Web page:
To be a ‘Shaliach’ is generally translated, at least in the purely halachic sense, as a ‘messenger’ whose task it is to deliver a particular item or message from one person to another. However, the word ‘Shaliach’ in the broader aggadic sense – especially as reflected in the teachings and vision of the Lubavitcher Rebbe – is to be an ‘emissary’ who has heard a call from within or beyond to be a conduit that provides religious education, spiritual encouragement, and practical resources to those in need.
Admittedly, the term ‘Shaliach’ is nowadays often purely associated with the Chabad movement – whose tireless Shluchim can be found around the world. However, as someone deeply driven by a spiritual calling, I am of the opinion that this term applies to many different people including those who do not consider themselves to be emissaries of the Rebbe, but who – upon hearing a call from God to make a difference in the world – have responded with the word ‘Hinei’ (here I am).
With this in mind, I would like to turn to the opening words of Mishna Moed Katan which describes an irrigated field as a בית השלחין (Beit HaShlachin) which the Gemara (Moed Katan 2a) subsequently explains, on the basis of the Targum on Devarim 25:18, to mean – ‘a field that is thirsty for water’.
As should be clear, the word Shlachin and Shaliach are etymologically related, and this is because what water irrigation does to a field – namely give it what it needs to grow, a Shaliach does to those whom they guide – namely give them what they need to grow; and just as irrigation channels, pipes and sprinklers are conduits delivering water to ‘thirsty fields’, shluchim are conduits delivering Torah (which is often compared to water) as well as other necessary resources to those who are spiritually thirsty.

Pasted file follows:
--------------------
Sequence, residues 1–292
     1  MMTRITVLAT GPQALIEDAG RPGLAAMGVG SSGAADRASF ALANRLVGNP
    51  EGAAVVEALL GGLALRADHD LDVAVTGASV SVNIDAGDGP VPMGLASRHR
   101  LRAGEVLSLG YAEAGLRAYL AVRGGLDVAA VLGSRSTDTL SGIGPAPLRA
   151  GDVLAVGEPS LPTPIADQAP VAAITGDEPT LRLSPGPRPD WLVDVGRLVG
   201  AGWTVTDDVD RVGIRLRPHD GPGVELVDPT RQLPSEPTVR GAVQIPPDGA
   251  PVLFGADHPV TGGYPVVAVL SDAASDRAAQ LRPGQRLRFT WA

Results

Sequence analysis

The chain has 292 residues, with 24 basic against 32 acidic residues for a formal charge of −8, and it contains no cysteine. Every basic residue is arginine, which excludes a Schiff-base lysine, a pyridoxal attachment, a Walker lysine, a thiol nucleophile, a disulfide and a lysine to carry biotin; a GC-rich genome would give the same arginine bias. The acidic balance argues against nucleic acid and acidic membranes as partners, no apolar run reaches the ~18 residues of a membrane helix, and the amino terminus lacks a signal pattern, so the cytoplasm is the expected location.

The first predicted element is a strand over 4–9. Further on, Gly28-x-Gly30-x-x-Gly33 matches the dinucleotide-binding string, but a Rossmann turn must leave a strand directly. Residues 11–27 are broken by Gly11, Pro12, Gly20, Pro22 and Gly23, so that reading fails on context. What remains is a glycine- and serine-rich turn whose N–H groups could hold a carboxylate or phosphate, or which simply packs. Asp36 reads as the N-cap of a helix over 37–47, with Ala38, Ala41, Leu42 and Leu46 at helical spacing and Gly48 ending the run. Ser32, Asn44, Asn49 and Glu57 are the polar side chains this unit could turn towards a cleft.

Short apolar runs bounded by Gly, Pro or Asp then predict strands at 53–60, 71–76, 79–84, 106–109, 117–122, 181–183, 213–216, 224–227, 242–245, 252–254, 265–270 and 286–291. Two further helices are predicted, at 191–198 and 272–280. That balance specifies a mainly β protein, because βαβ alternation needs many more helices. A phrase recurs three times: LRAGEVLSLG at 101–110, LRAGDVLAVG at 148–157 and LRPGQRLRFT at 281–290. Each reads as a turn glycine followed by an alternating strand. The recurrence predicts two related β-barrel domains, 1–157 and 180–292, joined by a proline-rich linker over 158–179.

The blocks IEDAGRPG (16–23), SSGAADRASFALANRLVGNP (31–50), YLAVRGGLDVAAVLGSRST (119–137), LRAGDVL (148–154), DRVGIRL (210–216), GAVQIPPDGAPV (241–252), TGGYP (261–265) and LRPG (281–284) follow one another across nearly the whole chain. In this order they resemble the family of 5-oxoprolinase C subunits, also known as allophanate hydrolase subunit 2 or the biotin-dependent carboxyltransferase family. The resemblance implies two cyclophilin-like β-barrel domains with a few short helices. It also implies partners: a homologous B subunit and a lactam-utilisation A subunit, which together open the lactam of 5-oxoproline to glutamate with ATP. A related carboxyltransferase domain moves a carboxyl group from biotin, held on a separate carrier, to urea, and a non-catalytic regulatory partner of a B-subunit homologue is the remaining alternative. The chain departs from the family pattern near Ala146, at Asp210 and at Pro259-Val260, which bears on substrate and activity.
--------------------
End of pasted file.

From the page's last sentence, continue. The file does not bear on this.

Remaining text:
Interestingly, just last week I had a spiritual coaching session with an individual with responsibility for Jewish education programs in their community and who, during our conversation, told me how they are spiritually drained and how, at the same time, they were currently working hard on programming for Tu Bishvat in their community.
Upon hearing this, I explained that the reason why Tu Bishvat falls at this time of year is because by this point of the year (in Israel), most of the rain has fallen (see Rosh Hashanah 14a) – which means that by this point, the trees have much of the sustenance that they need to grow for a further year. Having said this, I told them that in order for them to grow, and in order for them to be an effective conduit to help their community grow, they too need to be spiritually nourished.
Undoubtedly, many of us are currently, as Devarim 25:18 describes about the Jewish people as they left Egypt, עָיֵף וְיָגֵעַ – faint and exhausted, which the Targum translates as משלהי ולאי – ‘exhausted and thirsty’, and which I would translate based on what I have said above as, ‘emotionally and spiritually drained and in desperate need of emotional and spiritual encouragement’.
And this is why, as we approach Tu Bishvat this Sunday night, it is worthwhile remembering that we all need to be the conduits that we can be to enrich and nourish others around us, while similarly, we all need people who can provide us with what we need to grow.